Even by itself, cancer is one of the most devastating and impactful illnesses that anyone can suffer with.
However, the impact of cancer can be even more devastating in instances where children are afflicted, with nearly 1,400 kids under the age of 15 diagnosed with a particular type of cancer every single year in the UK.
Despite this, child cancer remains relatively rare, with such instances accounting for less than 15 of all new cases diagnosed each year. There’s also a relatively positive prognosis for children who are diagnosed with cancer, with more than eight out of every 10 patients expected to live for more than five years after treatment.
The prognosis for child cancer continues to improve too, so there’s room for optimism when dealing with one of the world’s biggest killers. But what does the future hold for the treatment of children of cancer, and how does the NHS deal with the most sensitive cases?
The Incidences of Child Cancer in the UK
There are numerous forms of child cancer in the UK, each of which looks different under the microscope and tend to respond differently to treatment.
Leukemia is the most common type of cancer amongst children, with this accounting for approximately one-third of the 1,400 cases reported each year.
An additional quarter of child cancer cases relate to central nervous system and brain tumours, whilst no other type of condition accounts for more than 15 of the total number of instances.
The Role of the NHS and Science in the Treatment of Cancer
As we’ve already touched on, the mortality rate amongst child cancer patients remains relatively low, with the vast majority of kids going to make a full recovery over time.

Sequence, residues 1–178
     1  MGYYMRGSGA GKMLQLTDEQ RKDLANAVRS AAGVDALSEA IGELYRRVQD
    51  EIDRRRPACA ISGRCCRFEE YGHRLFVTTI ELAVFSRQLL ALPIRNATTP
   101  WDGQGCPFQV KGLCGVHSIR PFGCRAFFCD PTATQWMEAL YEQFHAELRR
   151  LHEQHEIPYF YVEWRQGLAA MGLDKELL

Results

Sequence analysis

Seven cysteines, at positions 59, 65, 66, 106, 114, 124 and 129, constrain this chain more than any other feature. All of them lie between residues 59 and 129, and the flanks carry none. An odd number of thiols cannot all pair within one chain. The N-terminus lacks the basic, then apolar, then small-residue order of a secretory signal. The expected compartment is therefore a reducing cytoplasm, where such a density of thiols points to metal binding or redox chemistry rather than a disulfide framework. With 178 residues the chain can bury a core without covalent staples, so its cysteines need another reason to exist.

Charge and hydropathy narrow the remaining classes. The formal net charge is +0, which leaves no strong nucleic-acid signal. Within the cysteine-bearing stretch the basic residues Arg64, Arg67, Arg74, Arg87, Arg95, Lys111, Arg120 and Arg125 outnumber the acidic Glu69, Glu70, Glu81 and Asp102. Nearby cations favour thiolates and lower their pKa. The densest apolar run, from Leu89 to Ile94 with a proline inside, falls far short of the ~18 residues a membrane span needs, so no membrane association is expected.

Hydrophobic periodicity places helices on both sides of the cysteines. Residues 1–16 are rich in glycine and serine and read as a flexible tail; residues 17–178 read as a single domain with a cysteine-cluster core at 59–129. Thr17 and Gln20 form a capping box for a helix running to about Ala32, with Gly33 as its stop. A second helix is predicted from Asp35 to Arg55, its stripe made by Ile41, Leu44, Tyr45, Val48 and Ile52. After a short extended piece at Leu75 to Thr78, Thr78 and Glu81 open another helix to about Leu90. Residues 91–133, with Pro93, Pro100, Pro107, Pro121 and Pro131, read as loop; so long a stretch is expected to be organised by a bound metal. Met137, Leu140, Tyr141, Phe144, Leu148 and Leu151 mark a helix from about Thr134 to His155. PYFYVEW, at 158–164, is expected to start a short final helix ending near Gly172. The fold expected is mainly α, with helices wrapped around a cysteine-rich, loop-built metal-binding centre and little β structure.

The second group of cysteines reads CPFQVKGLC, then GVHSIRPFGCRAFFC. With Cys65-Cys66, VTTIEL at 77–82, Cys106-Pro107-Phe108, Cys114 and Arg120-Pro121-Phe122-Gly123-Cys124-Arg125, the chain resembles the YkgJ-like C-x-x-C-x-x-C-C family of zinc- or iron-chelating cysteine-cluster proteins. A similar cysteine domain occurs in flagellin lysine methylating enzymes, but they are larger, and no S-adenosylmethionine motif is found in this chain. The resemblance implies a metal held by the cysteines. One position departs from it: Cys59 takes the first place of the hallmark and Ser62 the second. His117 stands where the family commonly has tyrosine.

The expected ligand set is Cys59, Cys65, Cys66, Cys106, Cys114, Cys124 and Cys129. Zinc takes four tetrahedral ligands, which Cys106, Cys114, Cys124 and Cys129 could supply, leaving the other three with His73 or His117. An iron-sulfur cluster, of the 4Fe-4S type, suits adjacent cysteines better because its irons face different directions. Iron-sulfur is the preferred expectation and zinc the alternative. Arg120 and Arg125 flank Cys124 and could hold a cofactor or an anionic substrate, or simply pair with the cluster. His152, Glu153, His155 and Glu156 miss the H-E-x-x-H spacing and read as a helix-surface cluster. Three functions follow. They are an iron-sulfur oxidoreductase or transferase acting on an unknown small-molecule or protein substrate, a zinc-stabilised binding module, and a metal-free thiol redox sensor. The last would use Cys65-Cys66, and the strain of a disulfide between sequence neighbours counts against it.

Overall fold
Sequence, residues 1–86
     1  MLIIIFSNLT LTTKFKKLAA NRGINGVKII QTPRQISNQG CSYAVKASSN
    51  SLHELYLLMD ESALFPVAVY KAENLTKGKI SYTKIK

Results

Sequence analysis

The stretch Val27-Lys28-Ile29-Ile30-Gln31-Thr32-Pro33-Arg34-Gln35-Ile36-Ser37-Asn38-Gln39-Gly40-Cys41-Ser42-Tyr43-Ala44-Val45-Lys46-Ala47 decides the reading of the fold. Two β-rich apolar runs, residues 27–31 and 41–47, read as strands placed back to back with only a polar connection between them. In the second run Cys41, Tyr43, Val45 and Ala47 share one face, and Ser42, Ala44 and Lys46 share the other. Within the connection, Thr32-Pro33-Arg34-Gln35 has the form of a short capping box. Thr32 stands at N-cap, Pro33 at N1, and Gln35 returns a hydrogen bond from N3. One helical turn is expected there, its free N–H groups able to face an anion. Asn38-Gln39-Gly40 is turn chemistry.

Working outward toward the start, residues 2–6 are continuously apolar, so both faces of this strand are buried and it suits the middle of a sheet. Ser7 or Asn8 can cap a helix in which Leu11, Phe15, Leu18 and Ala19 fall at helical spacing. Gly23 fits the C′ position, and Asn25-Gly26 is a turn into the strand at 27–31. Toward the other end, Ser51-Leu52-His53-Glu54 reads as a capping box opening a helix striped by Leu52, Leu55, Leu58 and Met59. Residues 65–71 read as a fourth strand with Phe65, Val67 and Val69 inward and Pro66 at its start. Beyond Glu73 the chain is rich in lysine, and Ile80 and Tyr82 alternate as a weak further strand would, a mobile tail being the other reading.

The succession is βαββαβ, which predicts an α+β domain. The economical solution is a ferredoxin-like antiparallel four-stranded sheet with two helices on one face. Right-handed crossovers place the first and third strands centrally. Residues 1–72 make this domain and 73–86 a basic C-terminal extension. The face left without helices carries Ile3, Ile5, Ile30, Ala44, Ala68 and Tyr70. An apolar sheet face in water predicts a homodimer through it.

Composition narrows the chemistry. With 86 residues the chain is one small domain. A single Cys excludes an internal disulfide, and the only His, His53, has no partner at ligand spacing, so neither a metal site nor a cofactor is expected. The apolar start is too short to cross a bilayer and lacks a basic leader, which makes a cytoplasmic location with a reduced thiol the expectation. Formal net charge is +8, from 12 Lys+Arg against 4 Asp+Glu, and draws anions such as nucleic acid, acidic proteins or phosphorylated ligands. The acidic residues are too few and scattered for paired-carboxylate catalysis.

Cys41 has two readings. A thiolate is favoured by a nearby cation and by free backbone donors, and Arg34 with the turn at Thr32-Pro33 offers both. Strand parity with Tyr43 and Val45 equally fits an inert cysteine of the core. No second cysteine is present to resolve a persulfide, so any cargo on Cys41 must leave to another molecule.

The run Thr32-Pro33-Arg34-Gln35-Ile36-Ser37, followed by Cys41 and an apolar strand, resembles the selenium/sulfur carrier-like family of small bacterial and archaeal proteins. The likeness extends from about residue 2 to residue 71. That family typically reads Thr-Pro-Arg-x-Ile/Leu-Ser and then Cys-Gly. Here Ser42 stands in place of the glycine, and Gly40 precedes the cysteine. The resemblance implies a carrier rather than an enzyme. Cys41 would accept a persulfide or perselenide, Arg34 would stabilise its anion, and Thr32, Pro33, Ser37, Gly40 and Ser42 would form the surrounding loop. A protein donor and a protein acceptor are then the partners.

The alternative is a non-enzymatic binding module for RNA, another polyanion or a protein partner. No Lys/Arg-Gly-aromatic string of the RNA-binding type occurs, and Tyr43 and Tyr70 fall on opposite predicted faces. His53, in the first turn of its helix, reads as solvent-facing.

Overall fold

However, in the most sensitive cases, the NHS must strike the delicate balance between delivering the optimal treatments to patients and ensuring that children and their families are cared for emotionally during this most difficult time.
Even once the battle has been lost and a child enters the final stage of their life as a cancer patient, the NHS and their staff must take steps to maintain the integrity of the patient and provide support to patients to ensure that they’re well-nourished and able to spend time with their child.
When it comes to treatment, scientific and technological advancements are also having a significant impact on patients and the overall recovery rate amongst children.
One of the key areas of focus is the need for doctors to identify the symptoms of relapse far quicker than they’re currently able to, as this will ensure that drugs can bypass resistance to the initially therapy before the second course of treatment begins.
Beyond this, doctors are also required to understand the mechanisms by which cancer cells adopt inter-convertible states with various drug sensitivities. This will allow for bespoke and effective drug combinations that deliver the optimal level of treatment, which is particularly important when dealing with instances of child cancer.
From a processing perspective, NHS hospitals are also looking to enhance patient flow in a bid to improve the speed and the efficiency of treatment delivered to patients.
This certainly ensures that courses of treatment are delivered promptly once they’ve been agreed, whilst it may also prove crucial when overcoming drug resistance and minimising the long-term risk of remission.
Disclosure: This is a partnered post